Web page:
This week the quotidian cooks are so excited! We have been invited to give a workshop on fermentation in BIOCULTURA 2017 Barcelona, the leading trade fair in organic products and healthy life. Last year the fair already set new records: 7,600 professionals, 70,000 visitors, and 18,000 indexed products.
The activities in the fair are becoming more and more interesting every year. There are so many sessions we want to recommend! We picked two: a workshop on fermented drinks, where the infalible Prabhu Sukh will teach us how to prepare a raspberry kombucha and a workshop on sustainable fish, by Peix al Plat, essential to understand the world of modern fishing and how to start consuming fish in a sustainable way. Ah, and our workshop, of course! You can see the details in the complete guide of activities in BIOCULTURA 2017 (in Spanish).
We have decided to bring a dish which represents our work quite well: an apple, fennel and turmeric sauerkraut. The recipe develops one of the great techniques within the Living Foods approach we like so much. The ingredients, apple, cabbage, fennel, ginger and turmeric make it a wonderful healthy touch to add to many dishes. The recipe allows us to explain the virtues and simplicity of fermentation at home, a culinary activism practice we are encouraging you to try.
Fermentation of vegetables at home is easy and doable. This is our message for the workshop. For those of you who will not be able to come to Biocultura, we give you the full details of the recipe, the safety techniques you have to monitor and our usual tips for the elaboration.
Thanks to turmeric, this sauerkraut has a palette of warm and vibrant colours. The apples and fennel add sweet and aniseed touches and ginger and cabbage provide the powerful flavour of a good sauerkraut. If you prepare it, you will eventually eat it… by the spoonful! Ah, and if you ask us about the lentil salad recipe you see in the photo, please be patient, it will be shown in a next post: Lentil salad with fennel, hazelnuts and mint.
- 1 fennel bulb, cored
- 1 medium sized green cabbage, quartered and cored (save the flexible outer leaves)
- 6 medium carrots, shredded
- 2 Pink lady apples, peeled, cored and shredded
- 2-inch (5 cm) piece of fresh ginger, peeled and finely grated
- 2-inch (5 cm) piece of fresh turmeric root, peeled and finely grated OR 2 teaspoons (10 mL) turmeric powder
- 2 teaspoons (10 mL) fennel seeds
- 2 teaspoons (10 mL) chili flakes (optional)
- sea salt, to taste
- Cut the cabbage into quarters and cut away the heart. Slice thinly and place in a large bowl.
- Clean, trim and slice very thinly the fennel bulb and add it to the bowl.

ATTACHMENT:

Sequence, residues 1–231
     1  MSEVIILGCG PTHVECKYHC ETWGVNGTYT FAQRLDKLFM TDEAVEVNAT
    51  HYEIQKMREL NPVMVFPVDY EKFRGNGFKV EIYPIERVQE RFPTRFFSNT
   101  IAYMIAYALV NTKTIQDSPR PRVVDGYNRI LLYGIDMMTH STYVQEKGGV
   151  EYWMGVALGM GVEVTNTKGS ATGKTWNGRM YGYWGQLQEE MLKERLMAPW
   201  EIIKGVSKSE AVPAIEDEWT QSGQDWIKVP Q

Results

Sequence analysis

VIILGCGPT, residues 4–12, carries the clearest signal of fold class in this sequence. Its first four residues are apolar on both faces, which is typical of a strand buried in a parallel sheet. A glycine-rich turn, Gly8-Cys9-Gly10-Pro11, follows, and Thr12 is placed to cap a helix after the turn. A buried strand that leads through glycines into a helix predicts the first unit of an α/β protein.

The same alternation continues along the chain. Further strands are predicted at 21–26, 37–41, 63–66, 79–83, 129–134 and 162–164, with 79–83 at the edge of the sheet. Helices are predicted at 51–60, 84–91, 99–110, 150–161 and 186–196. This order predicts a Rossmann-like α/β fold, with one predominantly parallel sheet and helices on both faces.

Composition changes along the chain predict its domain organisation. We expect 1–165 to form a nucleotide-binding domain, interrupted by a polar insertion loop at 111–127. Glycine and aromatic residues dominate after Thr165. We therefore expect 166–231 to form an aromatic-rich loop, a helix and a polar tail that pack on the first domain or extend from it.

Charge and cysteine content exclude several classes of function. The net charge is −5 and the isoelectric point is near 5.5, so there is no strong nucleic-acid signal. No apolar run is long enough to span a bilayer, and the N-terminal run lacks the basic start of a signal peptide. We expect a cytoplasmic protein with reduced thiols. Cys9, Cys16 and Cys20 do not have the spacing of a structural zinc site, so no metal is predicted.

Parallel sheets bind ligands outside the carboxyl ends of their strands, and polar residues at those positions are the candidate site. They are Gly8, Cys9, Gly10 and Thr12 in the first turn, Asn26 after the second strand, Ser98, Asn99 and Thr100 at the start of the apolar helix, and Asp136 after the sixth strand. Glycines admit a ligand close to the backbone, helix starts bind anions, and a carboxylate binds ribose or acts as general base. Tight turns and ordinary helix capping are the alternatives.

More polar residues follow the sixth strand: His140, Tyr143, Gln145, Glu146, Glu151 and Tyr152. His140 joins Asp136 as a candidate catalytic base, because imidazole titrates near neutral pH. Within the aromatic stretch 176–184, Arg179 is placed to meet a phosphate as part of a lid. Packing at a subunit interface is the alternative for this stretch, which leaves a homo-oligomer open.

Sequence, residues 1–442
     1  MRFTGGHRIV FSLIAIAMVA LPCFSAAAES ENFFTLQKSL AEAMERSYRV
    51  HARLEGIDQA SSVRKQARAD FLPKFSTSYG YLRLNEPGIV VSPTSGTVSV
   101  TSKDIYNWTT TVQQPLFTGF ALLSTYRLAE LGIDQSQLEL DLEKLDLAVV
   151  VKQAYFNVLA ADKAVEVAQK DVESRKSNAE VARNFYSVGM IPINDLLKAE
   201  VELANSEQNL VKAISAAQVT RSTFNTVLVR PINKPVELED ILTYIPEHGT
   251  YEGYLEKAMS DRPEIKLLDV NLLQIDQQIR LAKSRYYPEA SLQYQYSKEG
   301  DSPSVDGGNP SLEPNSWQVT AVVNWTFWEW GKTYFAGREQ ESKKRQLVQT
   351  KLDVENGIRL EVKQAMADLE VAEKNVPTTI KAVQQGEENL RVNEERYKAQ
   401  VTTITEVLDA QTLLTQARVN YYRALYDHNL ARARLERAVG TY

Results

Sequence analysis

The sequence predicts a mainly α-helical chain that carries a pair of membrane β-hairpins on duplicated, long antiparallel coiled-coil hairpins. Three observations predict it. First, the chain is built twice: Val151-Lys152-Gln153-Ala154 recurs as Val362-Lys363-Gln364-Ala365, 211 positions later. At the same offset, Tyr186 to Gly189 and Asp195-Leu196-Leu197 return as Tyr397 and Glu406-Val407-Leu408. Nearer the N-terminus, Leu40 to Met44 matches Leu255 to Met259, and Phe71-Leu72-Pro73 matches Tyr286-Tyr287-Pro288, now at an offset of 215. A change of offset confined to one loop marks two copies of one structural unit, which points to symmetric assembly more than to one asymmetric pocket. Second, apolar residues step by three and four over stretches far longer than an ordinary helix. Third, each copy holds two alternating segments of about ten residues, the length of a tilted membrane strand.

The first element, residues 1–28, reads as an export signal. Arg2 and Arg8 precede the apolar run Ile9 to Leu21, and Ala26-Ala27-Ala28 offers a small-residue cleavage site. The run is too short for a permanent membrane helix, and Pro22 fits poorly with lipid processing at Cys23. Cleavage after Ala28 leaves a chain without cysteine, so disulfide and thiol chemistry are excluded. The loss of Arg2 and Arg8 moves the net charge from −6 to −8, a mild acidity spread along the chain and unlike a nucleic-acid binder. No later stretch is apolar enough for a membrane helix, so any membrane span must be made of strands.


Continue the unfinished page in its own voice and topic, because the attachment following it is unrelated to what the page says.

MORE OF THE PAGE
- Combine shredded apple and carrots with cabbage and add grated turmeric and ginger.
- Sprinkle the mix generously with salt. Use clean hands to squeeze and message the vegetables mix to release its water and create a salty brine. Taste the mixture and adjust it to your liking saltwise. Do not oversalt it.
- The veggies will need to be covered in their brine to ferment so squeeze and massage thoroughly or let the mixture rest for a while to let juices release naturally, then continue squeezing and massaging until enough liquid has been released.
- Pack tightly into clean glass jars using a pestle as you go so that the liquid brine covers the mix completely. If the veggies have not released enough juices to cover, add sarted water to cover— use 1 teaspoon sea salt per 1 cup water to make a solution and simply pour into the jar.
- Place a round piece of cabbage leaf as a cover for the mixture packing it tightly. All of it should be covered by the brine.
- Screw the lid on the jars and allow to rest in a dry out-of-the-way place for 2-10 days at room temperature. Unscrew the lid every day for the first three or four days to allow the release of gas. Taste it after five days and continue fermenting the mixture for one, two weeks or until desired tangy flavor is achieved. Then place it in the refrigerator.
We recommend to use silicone/culinary gloves to massage the mix, since turmeric stains hands with orange colour.
The basic safety measure is that the mixture must be covered by the liquid-brine at all times. If the vegetables have not released enough liquid to cover the mixture, add salted water in the following proportion: 1 teaspoon of marine salt in 1 cup of water, in order to make a solution and pour it in the flask.
The cabbage leaf serves as a cover for the mixture and avoids it to float above the liquid level.
After one week you can eat it and keep it in the refrigerator. The longer you leave the jars at room temperature, the stronger it will ferment, and flavours will become deeper. We recommend to taste it every week until you get it to your liking.